Why 9-1-1 was unable to locate the President of Cora

 
The 9-1-1 service may have been failing when the president of the Cora restaurant chain, Nicholas Tsouflidis, called him to say he had just been kidnapped. But even if the call lasted more than 20 minutes, it is not necessarily easy to track and locate a cell phone in the area where the sequestration took place.

 

FROM ONE POLICE DEPARTMENT  TO ANOTHER

 

While he was confined in the boot of a blue sedan, possibly branded Volvo, Nicholas Tsouflidis called 9-1-1. The appeal was automatically transferred to the Mirabel police service, where the abduction took place. But for some unexplained reason, the call was subsequently transmitted to another police force in the region, according to one source. This confusion, which would have contributed to delaying research, could be explained by the fact that Mirabel  has its own  9-1-1 call center,  but that certain sectors located  to  the  northwest are adjacent to the  MRC    d' Argenteuil , Which also manages its own power plant. "In the northern region, there are several areas of entanglement.  It is not impossible that the telephone has changed territory during the   call.

 

 

POOR GPS TRACKING IN RURAL AREAS

As with most calls made to Canada with a mobile phone,  9-1-1  respondents  were  able  to  know  the  approximate position of Mr. Tsouflidis by triangulating  the  position of his  telephone  with  cellular  antennas.  However,  the precision is much lower in rural areas, such as the one where the kidnapping took place, since antennas  are  less numerous. "The realistic goal in rural areas is to have 500 meters of precision," says Bill Elliott, a telephone security specialist with the National Emergency  Numbers  Association. However, larger differences are not  uncommon. "In  more than 20% of rural calls,  the  uncertainty or vagueness  transmitted  to  the  emergency  center  exceeds  1000 meters," wrote coroner Gilles Saindon, In a report published  in  2013  after  the  death  of  a  man  in  Petton,  in  the Eastern Townships. In this case, the vagueness of the  9-1-1 triangulation  was more than 5 kilo meters.

 

 

EVEN WORSE IN THE TRUNK OF A CAR

 

 

The fact that Mr. Tsouflidis was in the trunk of a sedan may have played an aggravating  role  that  significantly undermined the positioning accuracy, Bill Elliott believes. "The triangulation mechanism works by  calculating  the distance at which the  device  is located  from  the  antennas  by  counting  microseconds.  If there  is a  metal  structure that  bounces  radio waves,  it can  have a very  important  impact,  "he says.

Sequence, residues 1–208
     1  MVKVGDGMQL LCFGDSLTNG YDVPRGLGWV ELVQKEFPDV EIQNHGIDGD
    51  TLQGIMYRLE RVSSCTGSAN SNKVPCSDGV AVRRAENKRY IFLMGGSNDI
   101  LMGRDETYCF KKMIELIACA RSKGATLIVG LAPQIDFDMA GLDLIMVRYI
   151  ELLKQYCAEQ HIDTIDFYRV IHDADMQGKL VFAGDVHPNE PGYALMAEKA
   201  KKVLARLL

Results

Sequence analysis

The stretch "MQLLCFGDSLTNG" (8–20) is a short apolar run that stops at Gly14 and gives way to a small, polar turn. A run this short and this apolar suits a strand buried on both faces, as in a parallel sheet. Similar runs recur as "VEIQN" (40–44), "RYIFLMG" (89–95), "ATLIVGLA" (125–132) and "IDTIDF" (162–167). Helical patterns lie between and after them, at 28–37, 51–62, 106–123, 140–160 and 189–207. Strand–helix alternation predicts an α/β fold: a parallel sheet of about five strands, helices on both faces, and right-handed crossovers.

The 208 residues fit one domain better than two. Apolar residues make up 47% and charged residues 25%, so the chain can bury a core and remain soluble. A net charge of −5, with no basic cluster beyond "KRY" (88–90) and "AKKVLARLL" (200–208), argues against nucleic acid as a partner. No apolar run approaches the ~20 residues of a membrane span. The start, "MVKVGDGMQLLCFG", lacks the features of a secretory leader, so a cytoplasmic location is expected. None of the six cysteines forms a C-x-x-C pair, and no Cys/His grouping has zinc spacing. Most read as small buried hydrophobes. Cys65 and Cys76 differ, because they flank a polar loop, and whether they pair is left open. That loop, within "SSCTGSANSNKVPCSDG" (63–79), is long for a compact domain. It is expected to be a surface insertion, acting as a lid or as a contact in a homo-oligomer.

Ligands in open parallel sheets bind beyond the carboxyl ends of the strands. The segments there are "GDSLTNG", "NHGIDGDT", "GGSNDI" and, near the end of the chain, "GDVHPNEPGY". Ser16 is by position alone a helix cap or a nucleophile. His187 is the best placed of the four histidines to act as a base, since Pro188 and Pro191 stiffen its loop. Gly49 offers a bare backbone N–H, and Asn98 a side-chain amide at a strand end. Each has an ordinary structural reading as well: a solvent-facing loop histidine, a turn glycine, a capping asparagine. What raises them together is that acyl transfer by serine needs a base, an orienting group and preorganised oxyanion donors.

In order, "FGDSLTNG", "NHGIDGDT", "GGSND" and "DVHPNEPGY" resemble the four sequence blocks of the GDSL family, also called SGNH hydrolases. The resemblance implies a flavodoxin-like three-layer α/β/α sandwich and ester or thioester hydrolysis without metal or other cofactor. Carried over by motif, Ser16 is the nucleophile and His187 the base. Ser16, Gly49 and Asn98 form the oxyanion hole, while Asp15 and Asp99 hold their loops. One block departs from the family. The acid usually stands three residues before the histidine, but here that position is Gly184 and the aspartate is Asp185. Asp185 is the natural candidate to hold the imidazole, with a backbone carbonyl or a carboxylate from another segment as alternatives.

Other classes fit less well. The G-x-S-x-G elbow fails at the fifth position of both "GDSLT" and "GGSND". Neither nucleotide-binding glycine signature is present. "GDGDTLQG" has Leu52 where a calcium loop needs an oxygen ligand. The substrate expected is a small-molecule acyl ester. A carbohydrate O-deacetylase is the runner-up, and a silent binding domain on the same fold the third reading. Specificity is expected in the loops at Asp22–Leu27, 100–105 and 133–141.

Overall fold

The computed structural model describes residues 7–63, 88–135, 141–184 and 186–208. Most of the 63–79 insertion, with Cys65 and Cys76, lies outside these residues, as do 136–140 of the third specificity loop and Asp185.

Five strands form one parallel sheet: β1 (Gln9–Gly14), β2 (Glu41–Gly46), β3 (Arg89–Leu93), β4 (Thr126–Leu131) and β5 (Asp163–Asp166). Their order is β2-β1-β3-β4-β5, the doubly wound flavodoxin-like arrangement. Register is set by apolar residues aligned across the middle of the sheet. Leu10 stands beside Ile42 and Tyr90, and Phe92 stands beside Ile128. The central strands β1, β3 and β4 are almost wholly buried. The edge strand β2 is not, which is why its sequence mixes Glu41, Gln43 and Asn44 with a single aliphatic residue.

CARS IN MOTION

 

In addition to the poor  precision  of  triangulation  positioning,  the  rescue services  had  to  contend  with  the  fact that the kidnappers' car was probably in motion. Since the 9-1-1  triangulation  system  only  allows  the  position  to  be  updated approximately once per minute, it  is impossible  to  use  it to  track  a  move . As a  result , the  police  had to scour a territory of about 20 square kilometers, bounded by Highway  440  to  the  north,  Highway 13 to  the  east,  Samson Boulevard to the south and Main Street to the west. "Activating  the  tracking  system  can  drain  the  phone battery from the person in distress. It can be an extra  problem  when you're looking for someone," says one source .

 

 

40 YEAR OLD TECHNOLOGY

 

The Canadian  Radio-television  and  Telecommunications Commission  (CRTC)  is currently  exploring  the  possibility  of upgrading the technology used by  the  country's  9-1-1  stations.  "It's  a  system  that  was  created  more  than  40 years ago, at a time when fixed phones were the norm," said Bill Elliott . The new technology, called NG911 (Next Generation 911) , would allow mobile phones to send a much more precise position to the stations, using, among other  things,  the  GPS  chip  of  each  device. "There  is no technological  limitation that  prevents a  better location system. It is really a matter of public policy and  money.  Changing  the system would cost several million dollars,  "says Elliott.

 

 

REQUEST FOR RANSOM TO FAMILY

 

According to our sources, it was to Mr. Tsouflidis'  family and  not the CEO of the Cora  restaurants himself  that  his captors asked for a ransom, which would explain the  confusion about the  motive of the  crime that existed  during  the 24 Hours following the abduction. The amount of the ransom requested was not known, but it would not have been  paid. The  police have every reason  to  believe that the victim  was indeed  kidnapped  and that the  kidnappers were at least two. It also appears that Mr. Tsouflidis did not remain in the car  during the eight  hours of his confinement. He was found about 16 kilometers from his home, which is relatively close . We do not know if he kept his cell phone until he was found.

 

Originally published in La Press

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